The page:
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    Pear trees at risk from invasive European weevil, warns Natural History Museum

    Pear harvests in Britain may be in danger from an invasive European weevil which has been spotted for the first time at an orchard in Kent.

    The tiny pest, called Anthonomus spilotus is known to damage pear crops in continental Europe.

    But scientists at the Natural History Museum realised it had spread to the UK after a farmer from Maidstone in Kent sent in a bug to its identification team, in London.

    Like most weevils, the beetles have a long ‘nose’ or rostrum which they use to bore into plants. It attacks the leaf buds of pear trees early in the spring, reducing the number of fruit produced per tree.

    The origins of the weevil are unknown, but it is suspected to have been brought in accidentally from southern Europe, probably Italy.

    The weevil which is invading pear orchards Max Barclay, Senior Curator in Charge of the Natural History Museum’s collection of over 10 million scientific specimens of beetles, said, “This was a complex identification involving several researchers including five from the Natural History Museum.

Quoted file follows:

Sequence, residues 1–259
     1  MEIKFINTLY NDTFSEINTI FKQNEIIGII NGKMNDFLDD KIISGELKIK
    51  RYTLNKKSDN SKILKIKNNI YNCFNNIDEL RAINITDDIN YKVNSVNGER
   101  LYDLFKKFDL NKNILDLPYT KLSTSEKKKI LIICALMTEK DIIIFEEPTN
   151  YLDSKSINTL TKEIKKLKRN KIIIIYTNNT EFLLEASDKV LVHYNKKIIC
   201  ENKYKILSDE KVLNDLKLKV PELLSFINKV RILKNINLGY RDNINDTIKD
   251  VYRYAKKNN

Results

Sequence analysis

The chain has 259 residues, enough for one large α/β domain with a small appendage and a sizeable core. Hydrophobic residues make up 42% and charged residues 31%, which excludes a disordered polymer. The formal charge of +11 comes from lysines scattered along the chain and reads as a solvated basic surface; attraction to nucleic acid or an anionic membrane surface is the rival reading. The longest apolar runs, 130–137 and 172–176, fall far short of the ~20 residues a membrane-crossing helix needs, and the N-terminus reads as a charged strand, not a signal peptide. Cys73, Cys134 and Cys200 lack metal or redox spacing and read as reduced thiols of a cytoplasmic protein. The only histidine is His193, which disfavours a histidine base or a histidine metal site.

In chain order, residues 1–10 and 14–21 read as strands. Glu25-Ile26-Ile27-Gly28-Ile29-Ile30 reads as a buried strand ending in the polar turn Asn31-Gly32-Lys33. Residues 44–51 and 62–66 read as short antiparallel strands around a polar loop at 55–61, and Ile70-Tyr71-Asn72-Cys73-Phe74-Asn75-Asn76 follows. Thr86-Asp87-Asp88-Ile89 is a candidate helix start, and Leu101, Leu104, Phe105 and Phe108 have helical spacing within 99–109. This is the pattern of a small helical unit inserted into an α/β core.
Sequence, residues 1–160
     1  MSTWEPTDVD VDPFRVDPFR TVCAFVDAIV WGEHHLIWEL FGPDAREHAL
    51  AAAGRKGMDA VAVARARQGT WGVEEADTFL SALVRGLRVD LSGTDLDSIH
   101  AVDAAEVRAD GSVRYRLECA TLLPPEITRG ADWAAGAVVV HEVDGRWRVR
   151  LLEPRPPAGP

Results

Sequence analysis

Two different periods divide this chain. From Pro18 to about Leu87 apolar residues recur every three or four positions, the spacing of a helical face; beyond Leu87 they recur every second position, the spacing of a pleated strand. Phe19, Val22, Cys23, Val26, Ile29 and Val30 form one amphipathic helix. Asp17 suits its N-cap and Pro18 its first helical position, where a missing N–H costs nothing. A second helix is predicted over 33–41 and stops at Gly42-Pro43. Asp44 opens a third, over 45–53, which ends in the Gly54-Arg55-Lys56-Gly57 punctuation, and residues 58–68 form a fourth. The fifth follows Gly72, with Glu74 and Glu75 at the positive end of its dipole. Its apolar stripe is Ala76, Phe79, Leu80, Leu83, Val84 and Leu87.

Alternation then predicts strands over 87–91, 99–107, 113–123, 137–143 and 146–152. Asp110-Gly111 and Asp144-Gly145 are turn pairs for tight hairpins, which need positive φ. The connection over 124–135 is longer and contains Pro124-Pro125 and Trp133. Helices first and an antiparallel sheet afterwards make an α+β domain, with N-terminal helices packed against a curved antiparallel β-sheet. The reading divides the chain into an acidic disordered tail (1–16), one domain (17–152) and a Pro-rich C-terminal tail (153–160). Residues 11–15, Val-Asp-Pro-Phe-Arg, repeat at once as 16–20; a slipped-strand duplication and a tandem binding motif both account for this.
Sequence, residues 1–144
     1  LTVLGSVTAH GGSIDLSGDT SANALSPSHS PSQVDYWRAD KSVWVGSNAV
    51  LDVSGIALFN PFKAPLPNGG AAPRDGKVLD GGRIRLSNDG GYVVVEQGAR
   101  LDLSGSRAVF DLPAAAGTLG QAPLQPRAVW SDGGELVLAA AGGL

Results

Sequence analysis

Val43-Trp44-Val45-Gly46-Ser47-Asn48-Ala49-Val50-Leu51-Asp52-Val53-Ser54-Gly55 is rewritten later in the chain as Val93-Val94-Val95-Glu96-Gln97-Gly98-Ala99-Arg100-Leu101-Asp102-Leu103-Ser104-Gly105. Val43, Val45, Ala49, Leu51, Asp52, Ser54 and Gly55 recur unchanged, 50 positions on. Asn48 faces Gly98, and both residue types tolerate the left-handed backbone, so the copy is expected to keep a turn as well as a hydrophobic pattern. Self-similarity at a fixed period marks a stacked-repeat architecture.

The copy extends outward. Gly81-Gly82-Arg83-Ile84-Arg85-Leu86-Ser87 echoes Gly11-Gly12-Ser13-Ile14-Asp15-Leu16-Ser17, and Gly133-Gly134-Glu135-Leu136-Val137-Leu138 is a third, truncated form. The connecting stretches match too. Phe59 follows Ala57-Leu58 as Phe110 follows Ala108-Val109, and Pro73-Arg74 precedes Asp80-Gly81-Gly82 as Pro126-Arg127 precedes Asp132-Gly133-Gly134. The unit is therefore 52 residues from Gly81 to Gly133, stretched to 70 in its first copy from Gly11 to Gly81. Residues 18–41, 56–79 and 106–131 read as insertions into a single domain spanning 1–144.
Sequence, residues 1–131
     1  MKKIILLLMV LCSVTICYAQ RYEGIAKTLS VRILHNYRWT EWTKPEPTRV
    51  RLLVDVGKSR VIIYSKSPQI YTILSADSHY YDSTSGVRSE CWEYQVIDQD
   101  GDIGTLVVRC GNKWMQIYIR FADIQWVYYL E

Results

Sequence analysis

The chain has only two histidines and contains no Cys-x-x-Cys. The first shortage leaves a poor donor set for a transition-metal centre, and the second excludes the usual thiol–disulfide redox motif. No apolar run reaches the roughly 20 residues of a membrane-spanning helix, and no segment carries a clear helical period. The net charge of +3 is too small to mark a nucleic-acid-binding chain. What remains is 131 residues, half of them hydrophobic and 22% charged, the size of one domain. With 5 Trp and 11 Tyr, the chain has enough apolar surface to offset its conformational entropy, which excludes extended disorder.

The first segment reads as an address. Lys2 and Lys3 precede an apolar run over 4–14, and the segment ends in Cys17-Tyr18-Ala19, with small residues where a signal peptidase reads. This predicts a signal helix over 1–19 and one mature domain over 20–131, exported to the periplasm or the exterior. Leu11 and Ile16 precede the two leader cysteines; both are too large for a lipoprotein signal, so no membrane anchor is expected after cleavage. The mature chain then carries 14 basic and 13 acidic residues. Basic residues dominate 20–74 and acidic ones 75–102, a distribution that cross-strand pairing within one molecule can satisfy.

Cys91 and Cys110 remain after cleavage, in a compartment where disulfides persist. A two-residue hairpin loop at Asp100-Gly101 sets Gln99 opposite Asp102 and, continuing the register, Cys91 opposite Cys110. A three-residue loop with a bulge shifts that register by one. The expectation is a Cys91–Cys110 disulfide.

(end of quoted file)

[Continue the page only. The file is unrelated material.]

“The beetle is part of the European fauna so it is not completely out of its natural range. Approximately 10-15 new beetle species are introduced to the UK from Europe each year, but very few coming to our attention as pests, so this is an uncommon event.

    “It is important to identify a pest correctly in order to use the proper control regimes. It’s not completely out of its natural range as it is from Europe, so it will hopefully have some competitors and predators to keep its numbers in check.”

    Although the origin of A. spilotus in Britain may never be fully established, it is possible that an initial colonisation was made by weevils imported into a horticultural garden centre for domestic use.

    The specimen will be displayed for the first time this Friday evening at Science Uncovered.

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